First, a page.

Mammy Kate – February 14, 1779

Experience the American dream with today’s Patriots of the Past interview. I’m your host, John Gillespie.

It’s February 14, 1779. I’m at Fort Cornwallis in Augusta, Georgia. I’m in the stockade visiting with the captured Yankee, Governor Heard.

JG: “Governor Heard, are you being treated fairly by…?”

MK: “Governor Heard, honey, it’s Mary Kate. I’ve come to set you free. I’m gonna sneak you out of here as sure as porcupine’s prick beavers.”

Amazingly, Mammy Kate, the African American slave of Governor Heard, did smuggle her master to freedom from the British.

Near Elberton, Georgia, Gov. Heard’s Grave historical marker reads, “Stephen Heard, Governor of Georgia in 1781, lawyer, planter, surveyor, and soldier of the Revolution, lies buried in this family cemetery. With a price on his head, he was captured by the British at the Battle of Kettle Creek and condemned to die. On the eve of his execution he was rescued by his servant, ‘Mammy Kate,’ with the aid of her husband, ‘Daddy Jack,’ both of whom lie buried near him…”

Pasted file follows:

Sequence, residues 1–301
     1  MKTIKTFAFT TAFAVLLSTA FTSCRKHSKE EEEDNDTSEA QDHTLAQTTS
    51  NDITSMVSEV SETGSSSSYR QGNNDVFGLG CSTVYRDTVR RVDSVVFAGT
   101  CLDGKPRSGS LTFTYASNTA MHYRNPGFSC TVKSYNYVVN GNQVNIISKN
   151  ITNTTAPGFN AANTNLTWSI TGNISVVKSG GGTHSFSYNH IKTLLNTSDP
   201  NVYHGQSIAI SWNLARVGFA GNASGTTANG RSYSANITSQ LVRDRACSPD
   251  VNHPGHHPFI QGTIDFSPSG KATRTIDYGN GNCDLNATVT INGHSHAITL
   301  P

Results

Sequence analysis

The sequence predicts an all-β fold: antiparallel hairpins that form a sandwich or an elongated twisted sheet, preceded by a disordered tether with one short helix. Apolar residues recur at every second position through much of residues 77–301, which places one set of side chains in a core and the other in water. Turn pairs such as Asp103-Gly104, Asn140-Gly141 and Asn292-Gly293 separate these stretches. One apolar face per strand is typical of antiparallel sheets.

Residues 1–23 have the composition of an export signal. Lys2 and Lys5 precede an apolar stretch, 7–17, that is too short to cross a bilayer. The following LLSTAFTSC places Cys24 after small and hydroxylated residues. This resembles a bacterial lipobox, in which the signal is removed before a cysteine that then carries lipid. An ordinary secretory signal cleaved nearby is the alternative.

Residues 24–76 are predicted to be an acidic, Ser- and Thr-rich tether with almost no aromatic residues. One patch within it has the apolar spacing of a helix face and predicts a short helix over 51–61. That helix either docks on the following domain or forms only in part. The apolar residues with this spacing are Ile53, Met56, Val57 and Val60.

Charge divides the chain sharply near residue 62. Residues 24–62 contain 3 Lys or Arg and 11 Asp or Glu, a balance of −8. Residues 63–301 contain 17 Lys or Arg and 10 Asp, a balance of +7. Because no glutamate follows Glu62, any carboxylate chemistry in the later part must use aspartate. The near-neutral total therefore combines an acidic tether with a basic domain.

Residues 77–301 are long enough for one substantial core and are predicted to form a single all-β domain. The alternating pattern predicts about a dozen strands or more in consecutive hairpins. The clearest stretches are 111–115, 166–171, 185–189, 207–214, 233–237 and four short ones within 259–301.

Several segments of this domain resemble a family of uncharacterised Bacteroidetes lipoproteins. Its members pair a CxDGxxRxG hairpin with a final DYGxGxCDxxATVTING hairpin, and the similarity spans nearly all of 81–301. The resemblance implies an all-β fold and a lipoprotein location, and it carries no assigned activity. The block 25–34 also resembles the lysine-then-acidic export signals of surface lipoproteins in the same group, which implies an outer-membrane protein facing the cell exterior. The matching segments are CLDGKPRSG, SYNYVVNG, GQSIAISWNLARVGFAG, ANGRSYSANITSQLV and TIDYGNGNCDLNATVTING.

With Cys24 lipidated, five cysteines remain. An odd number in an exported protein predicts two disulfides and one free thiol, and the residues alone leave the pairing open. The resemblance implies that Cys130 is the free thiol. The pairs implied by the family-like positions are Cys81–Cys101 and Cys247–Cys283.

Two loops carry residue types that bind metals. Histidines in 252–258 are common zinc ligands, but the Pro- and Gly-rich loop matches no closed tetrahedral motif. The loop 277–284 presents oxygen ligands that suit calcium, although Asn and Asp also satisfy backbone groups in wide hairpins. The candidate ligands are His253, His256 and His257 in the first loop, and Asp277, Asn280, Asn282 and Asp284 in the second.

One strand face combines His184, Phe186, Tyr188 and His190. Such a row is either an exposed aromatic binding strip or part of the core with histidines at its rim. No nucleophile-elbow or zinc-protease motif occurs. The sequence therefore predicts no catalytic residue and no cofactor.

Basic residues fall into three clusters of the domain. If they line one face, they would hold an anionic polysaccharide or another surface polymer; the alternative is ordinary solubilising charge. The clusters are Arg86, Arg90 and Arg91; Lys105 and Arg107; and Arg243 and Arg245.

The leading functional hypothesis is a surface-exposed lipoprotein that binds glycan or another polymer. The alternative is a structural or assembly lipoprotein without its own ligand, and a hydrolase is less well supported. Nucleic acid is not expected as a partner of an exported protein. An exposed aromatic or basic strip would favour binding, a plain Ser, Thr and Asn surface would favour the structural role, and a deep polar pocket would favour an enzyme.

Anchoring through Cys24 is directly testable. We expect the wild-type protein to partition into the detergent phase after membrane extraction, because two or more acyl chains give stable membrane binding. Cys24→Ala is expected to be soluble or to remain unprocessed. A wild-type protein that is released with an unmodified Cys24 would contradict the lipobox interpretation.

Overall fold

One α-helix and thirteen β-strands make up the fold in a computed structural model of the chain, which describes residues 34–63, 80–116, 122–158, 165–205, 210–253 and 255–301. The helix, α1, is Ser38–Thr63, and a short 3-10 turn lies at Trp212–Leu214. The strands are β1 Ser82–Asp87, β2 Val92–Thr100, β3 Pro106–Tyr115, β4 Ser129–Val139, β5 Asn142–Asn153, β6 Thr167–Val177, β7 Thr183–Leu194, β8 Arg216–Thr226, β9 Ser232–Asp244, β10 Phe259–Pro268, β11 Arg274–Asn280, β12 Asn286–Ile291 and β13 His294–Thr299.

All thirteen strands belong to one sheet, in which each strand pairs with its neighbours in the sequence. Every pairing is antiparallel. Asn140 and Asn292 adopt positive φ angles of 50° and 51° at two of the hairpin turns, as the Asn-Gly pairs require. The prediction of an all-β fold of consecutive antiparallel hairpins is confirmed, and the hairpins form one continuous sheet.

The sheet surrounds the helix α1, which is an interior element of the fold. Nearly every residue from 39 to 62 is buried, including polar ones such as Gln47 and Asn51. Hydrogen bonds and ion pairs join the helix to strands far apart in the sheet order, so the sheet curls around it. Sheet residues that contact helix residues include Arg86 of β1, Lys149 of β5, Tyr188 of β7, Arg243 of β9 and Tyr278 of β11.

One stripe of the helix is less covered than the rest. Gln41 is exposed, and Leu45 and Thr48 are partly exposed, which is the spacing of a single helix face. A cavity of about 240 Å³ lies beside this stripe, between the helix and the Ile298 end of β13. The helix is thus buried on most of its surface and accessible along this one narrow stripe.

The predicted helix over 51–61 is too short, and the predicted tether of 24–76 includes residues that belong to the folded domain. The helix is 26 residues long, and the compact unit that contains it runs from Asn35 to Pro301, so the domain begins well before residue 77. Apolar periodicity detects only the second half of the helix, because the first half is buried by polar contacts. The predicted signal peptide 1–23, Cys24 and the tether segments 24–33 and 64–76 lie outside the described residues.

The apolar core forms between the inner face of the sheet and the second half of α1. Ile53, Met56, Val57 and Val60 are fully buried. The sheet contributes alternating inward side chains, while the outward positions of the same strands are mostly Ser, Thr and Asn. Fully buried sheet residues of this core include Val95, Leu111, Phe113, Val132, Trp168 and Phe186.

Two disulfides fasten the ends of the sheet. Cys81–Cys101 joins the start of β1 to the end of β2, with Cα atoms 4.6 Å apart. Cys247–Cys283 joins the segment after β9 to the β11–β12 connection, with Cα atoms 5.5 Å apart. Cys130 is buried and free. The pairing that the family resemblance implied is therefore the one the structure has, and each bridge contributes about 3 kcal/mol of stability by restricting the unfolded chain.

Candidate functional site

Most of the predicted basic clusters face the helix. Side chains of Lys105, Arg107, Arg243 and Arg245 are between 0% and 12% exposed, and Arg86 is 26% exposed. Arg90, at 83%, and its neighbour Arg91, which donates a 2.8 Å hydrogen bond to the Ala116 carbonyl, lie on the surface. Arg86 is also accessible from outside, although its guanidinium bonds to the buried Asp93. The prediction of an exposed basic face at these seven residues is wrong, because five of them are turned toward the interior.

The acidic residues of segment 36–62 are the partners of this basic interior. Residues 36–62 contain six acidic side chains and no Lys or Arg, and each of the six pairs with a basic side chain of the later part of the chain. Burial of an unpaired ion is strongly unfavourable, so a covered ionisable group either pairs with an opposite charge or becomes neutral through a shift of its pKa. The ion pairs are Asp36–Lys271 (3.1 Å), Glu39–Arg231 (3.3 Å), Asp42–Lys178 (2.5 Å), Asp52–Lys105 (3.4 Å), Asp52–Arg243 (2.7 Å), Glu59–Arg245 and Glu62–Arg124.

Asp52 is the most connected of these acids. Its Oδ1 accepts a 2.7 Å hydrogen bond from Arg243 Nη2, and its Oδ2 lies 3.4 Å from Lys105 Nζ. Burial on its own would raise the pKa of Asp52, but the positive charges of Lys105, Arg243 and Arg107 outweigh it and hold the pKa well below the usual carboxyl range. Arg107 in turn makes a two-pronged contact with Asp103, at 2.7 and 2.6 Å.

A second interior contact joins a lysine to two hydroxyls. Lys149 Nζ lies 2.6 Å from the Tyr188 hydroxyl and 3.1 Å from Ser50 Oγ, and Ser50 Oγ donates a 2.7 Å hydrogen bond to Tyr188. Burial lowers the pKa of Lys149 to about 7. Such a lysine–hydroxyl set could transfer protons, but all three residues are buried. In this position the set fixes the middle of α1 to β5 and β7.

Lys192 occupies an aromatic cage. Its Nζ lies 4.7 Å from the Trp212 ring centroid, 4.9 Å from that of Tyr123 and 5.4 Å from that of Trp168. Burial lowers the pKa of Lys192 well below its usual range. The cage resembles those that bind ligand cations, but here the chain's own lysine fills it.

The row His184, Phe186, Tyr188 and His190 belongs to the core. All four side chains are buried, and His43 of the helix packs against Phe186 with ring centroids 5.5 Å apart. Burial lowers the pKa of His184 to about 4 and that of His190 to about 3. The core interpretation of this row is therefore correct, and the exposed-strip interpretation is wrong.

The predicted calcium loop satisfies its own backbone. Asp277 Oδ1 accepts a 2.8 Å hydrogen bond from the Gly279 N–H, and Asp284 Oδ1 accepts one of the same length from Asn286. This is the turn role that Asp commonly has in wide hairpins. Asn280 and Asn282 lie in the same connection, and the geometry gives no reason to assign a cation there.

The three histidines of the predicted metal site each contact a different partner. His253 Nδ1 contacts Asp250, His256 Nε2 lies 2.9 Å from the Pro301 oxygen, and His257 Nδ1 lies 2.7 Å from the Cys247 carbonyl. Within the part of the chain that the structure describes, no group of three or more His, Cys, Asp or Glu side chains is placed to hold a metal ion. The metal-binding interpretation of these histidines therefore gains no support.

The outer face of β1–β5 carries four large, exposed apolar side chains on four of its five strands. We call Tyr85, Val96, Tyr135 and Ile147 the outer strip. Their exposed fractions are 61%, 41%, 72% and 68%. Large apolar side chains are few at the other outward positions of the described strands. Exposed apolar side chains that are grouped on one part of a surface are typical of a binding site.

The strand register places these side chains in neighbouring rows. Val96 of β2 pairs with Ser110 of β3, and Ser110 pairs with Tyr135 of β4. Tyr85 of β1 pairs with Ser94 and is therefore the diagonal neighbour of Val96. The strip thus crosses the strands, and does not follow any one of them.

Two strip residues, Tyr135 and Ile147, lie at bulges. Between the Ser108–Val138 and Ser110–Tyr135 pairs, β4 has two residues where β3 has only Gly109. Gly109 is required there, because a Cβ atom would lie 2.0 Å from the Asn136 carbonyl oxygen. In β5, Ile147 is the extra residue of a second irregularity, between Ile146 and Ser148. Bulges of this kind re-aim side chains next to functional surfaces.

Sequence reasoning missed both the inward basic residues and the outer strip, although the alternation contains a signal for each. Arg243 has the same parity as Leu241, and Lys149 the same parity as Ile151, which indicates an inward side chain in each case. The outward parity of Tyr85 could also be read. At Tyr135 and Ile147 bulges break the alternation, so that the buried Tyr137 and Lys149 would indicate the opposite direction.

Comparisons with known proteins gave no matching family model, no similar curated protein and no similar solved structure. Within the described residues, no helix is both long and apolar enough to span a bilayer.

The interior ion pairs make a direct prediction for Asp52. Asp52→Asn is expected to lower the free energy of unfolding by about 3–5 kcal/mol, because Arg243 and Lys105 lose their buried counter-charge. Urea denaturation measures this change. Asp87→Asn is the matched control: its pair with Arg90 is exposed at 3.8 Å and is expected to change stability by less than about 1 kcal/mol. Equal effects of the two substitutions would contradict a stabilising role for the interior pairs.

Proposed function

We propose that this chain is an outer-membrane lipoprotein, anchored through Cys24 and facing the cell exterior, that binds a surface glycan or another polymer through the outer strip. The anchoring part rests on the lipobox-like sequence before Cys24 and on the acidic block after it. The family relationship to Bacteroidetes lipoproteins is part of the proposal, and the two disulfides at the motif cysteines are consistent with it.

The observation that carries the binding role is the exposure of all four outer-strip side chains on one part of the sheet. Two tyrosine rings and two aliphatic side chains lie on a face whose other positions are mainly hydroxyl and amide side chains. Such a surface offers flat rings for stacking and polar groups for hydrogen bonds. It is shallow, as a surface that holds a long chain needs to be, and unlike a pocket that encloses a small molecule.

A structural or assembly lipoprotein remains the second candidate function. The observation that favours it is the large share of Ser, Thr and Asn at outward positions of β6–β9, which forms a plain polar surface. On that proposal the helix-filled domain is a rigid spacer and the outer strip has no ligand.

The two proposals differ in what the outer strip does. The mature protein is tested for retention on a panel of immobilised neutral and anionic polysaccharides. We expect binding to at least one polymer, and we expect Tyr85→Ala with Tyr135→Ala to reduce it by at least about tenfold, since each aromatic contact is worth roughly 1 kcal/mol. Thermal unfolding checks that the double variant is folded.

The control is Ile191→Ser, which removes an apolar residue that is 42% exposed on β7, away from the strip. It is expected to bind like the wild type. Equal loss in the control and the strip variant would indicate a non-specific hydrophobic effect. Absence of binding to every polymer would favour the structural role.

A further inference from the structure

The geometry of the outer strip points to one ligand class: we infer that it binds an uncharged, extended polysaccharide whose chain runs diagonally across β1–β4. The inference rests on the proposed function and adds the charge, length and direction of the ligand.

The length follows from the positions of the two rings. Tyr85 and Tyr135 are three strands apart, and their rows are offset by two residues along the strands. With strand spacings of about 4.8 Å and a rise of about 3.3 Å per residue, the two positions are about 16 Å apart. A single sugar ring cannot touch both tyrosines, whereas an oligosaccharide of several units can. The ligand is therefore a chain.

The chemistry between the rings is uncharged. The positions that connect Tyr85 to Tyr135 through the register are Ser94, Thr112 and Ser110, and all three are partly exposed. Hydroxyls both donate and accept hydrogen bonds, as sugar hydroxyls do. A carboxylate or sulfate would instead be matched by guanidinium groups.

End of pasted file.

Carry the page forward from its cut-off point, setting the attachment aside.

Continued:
John and Jan Gillespie are the founders of the Rawhide Boys’ Ranch; they have fostered 351 teenagers and wrote the book Our 351 Sons; they have also assisted numerous churches in developing youth programs and expanding their total church ministries. After running for U.S. Senate, John founded 1776 American Dream, which exists to demonstrate the vision of our founding fathers and help our generation of youth passionately embrace those values.

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